TODO: try to process the device remove event in a way that if a RAID component is removed, the mdadm --fail would be called first


Hello, I have just tested a debian-squeeze. The Rsoft AID disk isn't configured with using block disk anymore. Rather, it is using something like :

DEVICE partition
HOMEHOST <system>
ARRAY /dev/mdO UUID=01230123:23452345:9876986:56785678

Should this page be consistent with Debian-Installer new way way of doing it?

Tomas Dulik replies:

Hello, the UUID is the same on all partitions which are part of a Linux SW RAID volume.

So if your /dev/md0 has the UID =01230123:23...(etc), then all physcial disk partitions, which are components of md0, will have the same UUID. The reason is simple - if you want to migrate your physical disks with you valuable data to another machine, the other machine will be able to easily re-assemble the array according to UUIDs of its components.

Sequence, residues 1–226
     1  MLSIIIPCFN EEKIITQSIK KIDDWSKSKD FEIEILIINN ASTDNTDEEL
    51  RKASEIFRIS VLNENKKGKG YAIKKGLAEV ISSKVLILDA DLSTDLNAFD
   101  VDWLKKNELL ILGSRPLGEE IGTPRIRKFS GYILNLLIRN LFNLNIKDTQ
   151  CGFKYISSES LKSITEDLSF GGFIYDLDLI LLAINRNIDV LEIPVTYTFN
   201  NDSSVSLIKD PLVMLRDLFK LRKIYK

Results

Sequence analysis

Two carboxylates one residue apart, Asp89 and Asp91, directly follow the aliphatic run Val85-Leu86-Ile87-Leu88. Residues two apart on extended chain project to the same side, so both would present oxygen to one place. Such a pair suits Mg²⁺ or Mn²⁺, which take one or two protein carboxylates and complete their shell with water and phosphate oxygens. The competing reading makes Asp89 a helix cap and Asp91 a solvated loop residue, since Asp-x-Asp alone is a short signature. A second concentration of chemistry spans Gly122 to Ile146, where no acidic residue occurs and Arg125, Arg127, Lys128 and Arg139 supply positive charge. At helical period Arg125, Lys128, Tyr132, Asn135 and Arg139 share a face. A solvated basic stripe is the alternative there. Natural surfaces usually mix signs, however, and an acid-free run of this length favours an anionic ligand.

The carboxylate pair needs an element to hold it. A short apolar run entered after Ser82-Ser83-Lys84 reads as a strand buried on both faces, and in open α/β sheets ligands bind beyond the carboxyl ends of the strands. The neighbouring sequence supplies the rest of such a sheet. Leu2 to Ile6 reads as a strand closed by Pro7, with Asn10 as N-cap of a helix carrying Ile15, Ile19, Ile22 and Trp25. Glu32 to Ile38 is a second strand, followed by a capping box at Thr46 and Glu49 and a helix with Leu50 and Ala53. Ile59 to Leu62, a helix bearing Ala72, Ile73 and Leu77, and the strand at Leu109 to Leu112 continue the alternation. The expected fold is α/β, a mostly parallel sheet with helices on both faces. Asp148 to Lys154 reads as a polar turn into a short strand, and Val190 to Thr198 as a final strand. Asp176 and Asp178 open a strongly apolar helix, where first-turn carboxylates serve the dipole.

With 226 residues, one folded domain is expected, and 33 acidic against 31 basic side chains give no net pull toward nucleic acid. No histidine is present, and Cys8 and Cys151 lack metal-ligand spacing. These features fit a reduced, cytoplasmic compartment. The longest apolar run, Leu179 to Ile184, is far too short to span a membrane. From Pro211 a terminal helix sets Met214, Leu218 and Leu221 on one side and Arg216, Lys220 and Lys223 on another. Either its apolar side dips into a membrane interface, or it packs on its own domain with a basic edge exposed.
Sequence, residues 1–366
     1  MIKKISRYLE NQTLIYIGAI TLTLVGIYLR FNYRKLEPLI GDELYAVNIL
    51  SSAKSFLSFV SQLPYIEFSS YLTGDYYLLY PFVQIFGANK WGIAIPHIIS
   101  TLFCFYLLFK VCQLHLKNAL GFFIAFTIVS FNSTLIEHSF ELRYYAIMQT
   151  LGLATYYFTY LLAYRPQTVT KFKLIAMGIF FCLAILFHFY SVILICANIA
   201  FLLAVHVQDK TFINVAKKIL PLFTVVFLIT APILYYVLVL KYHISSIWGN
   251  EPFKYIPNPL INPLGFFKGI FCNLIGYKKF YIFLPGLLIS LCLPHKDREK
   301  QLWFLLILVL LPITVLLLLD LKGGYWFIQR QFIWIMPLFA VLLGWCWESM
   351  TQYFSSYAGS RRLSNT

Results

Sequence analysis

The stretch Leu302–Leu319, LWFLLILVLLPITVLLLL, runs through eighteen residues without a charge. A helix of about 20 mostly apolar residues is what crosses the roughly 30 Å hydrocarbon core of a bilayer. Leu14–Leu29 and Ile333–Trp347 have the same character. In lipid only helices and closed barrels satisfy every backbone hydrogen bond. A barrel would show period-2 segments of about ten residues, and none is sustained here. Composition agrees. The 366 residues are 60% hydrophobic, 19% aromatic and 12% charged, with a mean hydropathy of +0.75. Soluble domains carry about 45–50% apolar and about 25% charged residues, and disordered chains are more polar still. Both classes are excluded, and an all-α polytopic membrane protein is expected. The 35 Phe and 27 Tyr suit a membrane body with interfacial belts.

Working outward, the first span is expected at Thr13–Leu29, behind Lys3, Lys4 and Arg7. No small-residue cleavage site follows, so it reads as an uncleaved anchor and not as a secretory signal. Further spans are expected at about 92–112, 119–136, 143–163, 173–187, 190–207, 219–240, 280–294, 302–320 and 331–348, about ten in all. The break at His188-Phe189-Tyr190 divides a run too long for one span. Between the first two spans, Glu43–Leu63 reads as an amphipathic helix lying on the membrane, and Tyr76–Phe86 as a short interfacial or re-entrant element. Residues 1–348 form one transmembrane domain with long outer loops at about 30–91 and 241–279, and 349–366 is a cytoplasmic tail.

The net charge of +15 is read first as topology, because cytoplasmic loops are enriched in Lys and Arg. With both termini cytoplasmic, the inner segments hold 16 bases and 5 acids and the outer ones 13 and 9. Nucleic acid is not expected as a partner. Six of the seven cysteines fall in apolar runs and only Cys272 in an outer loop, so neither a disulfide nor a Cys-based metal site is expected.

So UUID is not usable for identification of the physical disks used in RAID.

The only data that can be used in udev rules (apart of physical device path) are disk vendor and model ID or name and disk serial number, but again - these are not so interesting, because in case of the disk failure, I want to be able to hotswap the failed disk with ANY new disk (made by any vendor) and use the new disk immediatelly without diggin out its vendor/model/serial_number and putting it into the udev rules.

So the only udev data, that are constant and independet on the physical disks, are the physical device paths.

The physical device paths will change only if you change your machine. Then the udev rules will not match, so the disks will have default names until you correct your udev rules.

See also